After The Force Awakens, Rogue One and the upcoming Episode IX, it’s almost expected a new Star Wars film is going to have production issues. Expectations are always through the roof for a Star Wars film, and there’s simply too much money – via box office, merchandising, life – riding on each new entry to not get it right. Solo is no exception and may have been the most difficult of all, firing the directors in the middle of production.
First thing’s first. Most films that fire their director (or directors, in Solo’s case) during production don’t turn out well. Solo turned out just fine.
Solo finds the title character (played by Alden Ehrenreich) starting out on his journey toward full scoundrel, even introducing a younger Lando Calrissian (Donald Glover) and the famed Kessel Run that’s been mentioned throughout the series. This Solo isn’t on the run from Jabba the Hut; no, he’s lovelorn over being separated from his love Qi’ra (Emilia Clarke) and wants nothing more than to reunite with her. That and be a pilot.
After directors Phil Lord and Chris Miller (the two Jump Street movies, The LEGO Movie) were let go, Ron Howard was brought in to right the ship. The Oscar-winning director shot around 70 percent of the finished product, but it’s unclear what shape Lord and Miller’s footage was in – at least the footage that wasn’t used. What’s there, like Howard’s is fine but unremarkable.
The combined work seen in Solo is fun, but it’s clear some scenes were rushed as Howard & Co. had less than a year to make that May 25, 2018 release date. Cinematography in some scenes, especially early in the film, are too smoky (hopefully watching Solo on Blu-ray or in 4K definition will clear that up), there’s very little in the way of insert shots or anything that resembles nuance. The filmmakers simply had no time. The most compelling character is Phoebe Waller-Bridge’s equal-rights-for-all android, L3-37, probably due to the special effects crew being hard at work well before Howard took over.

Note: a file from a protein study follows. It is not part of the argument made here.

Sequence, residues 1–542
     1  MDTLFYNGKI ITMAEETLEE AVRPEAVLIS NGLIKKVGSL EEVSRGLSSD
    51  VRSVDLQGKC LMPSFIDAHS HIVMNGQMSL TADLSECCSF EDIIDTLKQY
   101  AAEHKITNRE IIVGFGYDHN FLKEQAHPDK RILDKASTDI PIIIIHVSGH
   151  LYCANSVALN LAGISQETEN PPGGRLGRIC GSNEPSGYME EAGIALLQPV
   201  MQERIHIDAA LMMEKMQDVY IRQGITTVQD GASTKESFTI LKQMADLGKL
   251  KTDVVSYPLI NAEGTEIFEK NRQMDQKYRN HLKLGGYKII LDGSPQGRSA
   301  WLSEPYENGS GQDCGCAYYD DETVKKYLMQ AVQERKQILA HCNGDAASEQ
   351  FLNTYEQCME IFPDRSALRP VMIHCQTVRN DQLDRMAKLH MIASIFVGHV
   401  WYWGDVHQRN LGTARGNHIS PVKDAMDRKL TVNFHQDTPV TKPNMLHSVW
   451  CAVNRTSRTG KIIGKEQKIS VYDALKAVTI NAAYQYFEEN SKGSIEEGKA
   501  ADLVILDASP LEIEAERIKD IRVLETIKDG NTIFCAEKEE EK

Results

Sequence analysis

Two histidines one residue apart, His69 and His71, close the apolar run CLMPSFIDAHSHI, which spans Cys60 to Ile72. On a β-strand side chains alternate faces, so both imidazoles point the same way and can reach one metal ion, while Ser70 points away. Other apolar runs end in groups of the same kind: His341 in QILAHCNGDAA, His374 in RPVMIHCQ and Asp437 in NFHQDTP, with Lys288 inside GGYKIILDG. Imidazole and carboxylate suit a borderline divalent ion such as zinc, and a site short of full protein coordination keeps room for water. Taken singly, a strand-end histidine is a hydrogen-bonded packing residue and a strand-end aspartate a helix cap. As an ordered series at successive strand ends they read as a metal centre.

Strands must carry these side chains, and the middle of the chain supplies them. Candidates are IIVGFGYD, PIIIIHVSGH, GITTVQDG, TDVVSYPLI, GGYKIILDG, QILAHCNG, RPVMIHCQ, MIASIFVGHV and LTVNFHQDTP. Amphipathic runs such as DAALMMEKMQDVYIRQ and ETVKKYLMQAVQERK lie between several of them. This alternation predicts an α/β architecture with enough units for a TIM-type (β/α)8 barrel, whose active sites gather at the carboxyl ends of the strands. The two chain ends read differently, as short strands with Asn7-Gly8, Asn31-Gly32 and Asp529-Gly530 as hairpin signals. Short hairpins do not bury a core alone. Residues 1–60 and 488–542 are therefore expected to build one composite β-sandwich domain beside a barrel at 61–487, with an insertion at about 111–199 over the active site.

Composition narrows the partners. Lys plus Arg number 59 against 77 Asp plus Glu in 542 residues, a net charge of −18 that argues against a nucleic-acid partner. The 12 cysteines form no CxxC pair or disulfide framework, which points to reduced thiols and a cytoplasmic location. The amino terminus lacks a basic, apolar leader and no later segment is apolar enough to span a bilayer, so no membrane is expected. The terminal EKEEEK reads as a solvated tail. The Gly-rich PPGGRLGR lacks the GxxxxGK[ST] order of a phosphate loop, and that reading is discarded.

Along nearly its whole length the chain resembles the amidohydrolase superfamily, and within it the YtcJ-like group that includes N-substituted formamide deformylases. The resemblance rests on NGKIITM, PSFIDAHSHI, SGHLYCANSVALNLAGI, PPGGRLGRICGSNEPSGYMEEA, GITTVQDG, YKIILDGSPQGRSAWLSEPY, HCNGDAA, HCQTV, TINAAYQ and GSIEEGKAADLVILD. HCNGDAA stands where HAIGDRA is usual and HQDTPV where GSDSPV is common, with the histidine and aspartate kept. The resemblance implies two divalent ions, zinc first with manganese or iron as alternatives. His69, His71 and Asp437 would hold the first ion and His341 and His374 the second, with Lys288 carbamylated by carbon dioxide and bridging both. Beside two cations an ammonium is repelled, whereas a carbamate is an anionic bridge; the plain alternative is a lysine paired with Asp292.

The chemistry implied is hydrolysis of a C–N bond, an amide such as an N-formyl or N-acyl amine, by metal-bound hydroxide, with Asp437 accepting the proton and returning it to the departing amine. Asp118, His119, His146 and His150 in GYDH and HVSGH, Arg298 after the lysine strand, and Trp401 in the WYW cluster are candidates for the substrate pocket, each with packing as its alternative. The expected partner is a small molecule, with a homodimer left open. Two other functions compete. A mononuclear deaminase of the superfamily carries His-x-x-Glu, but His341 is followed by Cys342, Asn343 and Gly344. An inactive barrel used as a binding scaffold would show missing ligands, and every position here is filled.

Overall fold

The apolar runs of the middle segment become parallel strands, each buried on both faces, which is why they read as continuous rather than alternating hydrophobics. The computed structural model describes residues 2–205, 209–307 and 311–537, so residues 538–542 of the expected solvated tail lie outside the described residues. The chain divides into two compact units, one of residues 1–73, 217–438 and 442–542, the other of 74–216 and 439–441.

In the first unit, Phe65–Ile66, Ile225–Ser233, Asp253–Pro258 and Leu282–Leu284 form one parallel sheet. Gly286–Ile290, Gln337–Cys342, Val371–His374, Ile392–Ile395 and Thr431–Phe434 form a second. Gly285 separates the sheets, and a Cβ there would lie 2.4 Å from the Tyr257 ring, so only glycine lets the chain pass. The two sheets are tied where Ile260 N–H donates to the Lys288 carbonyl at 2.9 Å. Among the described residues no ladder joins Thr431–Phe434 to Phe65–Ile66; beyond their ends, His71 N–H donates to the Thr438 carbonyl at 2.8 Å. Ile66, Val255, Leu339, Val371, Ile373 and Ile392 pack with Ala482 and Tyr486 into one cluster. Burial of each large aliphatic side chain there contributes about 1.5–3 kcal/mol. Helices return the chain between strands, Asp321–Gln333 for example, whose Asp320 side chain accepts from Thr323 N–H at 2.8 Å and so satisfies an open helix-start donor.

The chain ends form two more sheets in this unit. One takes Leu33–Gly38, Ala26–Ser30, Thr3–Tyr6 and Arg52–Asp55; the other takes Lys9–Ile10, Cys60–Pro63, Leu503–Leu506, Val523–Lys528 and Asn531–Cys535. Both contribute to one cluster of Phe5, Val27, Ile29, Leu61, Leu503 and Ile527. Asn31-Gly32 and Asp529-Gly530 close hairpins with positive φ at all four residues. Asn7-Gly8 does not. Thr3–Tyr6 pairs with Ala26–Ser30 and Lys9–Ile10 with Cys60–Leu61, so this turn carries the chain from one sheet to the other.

Ehrenreich (Hail Caesar!), given the awesome opportunity to play Han Solo but also the unenviable task of replacing Harrison Ford, is perfectly fine in the role. He doesn’t have Ford’s charisma, but it’s important to note that this iteration of Solo isn’t that Solo. The seeds are there, but he’s young, optimistic and a bit naïve. The main standout besides Waller-Bridge is, of course, Glover as Lando. Glover’s always had that “it” factor, but channeling Billy Dee Williams sends his charisma into the cosmos.
Get it? Cosmos? Because this is a review for a Star Wars movie?
If the powers-that-be had pushed Solo’s release back to, say, Christmas 2018, following in the pattern of every Star Wars film since The Force Awakens, Ron Howard maybe could’ve crafted something special. It’s amazing he pulled off what he did and yes, Solo is worth seeing. It’s broad, easily digestible and is better than Rogue One, which really lags in the middle. But this is Han freakin’ Solo. A movie bearing his name should be more than just worth seeing.
Maybe if there’s a sequel, they’ll hit it out of the park. But what would it be called? Solo 2: Flyin’ Solo? Solo 2 Solo? Solo 2: 2 Solo’s Make A Couple? Solo 2: The Chewie Connection? Solo 2: Time to Lando? Book of Shadows: Solo 2?